Wednesday, December 14, 2011

Washington and State in the Spring

The end of this semester marks a new page in my Dickinson career; I am going to study in Washington D.C. for the semester under The Washington Center program. While in D.C. I work an internship full time as well as take one class a week. I am going to be interning at the Department of State in the IO Bureau and I am more than pumped. I finally get to (hopefully) handle diplomacy and see how the process works first hand. I've been in far too many classes which explain the structure of diplomacy; now I get to help implement it.

I don't actually know what Ill be doing at my position just yet. Though I'll probably not going to be the guy who gets Sec. Clinton coffee, I will definitely not be exposed to any top-secret stuff. However I am really excited about looking over documents, sitting in on meetings, and just getting to know the people who work on multilateral diplomacy. I have a strong feeling that these "bureaucrats" are not as evil as some politicians make them out to be...

Another thing I am excited about is getting to know the city. I know wherever I need to in New York, so I assume D.C. may not be as difficult. That's just an assumption, however. I'll have to learn train and shuttle schedules as well as shops and places in the area. Not to mention restaurants and entertainment too. Essentially, I am starting over.

But that's the best part.

Being a city where I eventually want to make a career, learning my way around is definitely one of the things I am looking forward to. Its an empowering experience to know that you're in control of what you want to do and where you want to take your life. Being at TWC and State is just the first step, and an important  one, to my life goals.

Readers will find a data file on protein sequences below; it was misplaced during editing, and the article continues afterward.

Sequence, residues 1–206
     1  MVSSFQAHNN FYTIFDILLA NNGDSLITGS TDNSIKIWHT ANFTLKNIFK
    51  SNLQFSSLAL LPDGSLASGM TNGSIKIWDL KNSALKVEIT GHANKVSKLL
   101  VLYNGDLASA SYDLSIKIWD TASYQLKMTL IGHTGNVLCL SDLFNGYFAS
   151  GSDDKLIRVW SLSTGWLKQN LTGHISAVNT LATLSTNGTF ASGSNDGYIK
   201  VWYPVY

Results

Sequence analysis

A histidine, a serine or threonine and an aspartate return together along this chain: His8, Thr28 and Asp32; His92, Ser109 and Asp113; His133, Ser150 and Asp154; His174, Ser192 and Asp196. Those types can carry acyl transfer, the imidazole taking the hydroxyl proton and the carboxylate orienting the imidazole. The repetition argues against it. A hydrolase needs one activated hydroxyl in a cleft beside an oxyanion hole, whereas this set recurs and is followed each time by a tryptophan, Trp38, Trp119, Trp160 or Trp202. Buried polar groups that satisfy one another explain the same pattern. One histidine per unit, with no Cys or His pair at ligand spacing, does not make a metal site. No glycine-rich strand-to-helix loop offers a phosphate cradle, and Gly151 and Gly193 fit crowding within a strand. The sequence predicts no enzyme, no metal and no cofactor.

Will I learn a lot? Yes. Will I have while doing it? Definitely. These are the times we never forget.

Harry S. Truman Building aka The State Department

Thursday, December 8, 2011


This was the last day of Religion: Conflict, Violence, and Peacemaking. I honestly have to say that this was probably the best course I have taken at Dickinson to date. Not only did a learn a lot, I also have valuable insight an tools to start further pursuing conflict studies; and this goes well with my focus on international politics.

I have learned so much from this course whether its the nature of religion, how religion interacts with conflict, how it can further conflict, how it ties into psychology and identity, and concrete ways to bring people back together. I have also have in-depth knowledge of the Breivik bombings in Norway, and it is a far more complex conflict than meets the eye. It is important for anyone who's looking at Europe to understand the Breivik case, as it is sure to be a recurring theme in the coming years due to globalization.

Though this course is just an introduction, I intend on further pursuing this. Wanting to go into international relations and national security, I think this fits well. It also has opened my eyes to the deeper nature of some of the world's most complex problems, and has effectively shown me the errors in analyzing conflicts in a purely secular lens.

Though religion is often not the causes of the conflict, it plays a defining role in them. In order to solve the problem, one has to understand every dimension of it. Often, and I was guilty of it, we overlook an important and defining factor in reason's behind why people chose to do certain actions; the role of their spirituality.

This course has opened new lanes for me, including potentially going to grad school for conflict management. Who knows, maybe this is what I'll end up doing. Politics and International relations don't stop at the state level, as I have been shown.

Thank you Prof. Staub, Ill be taking another course with you next year.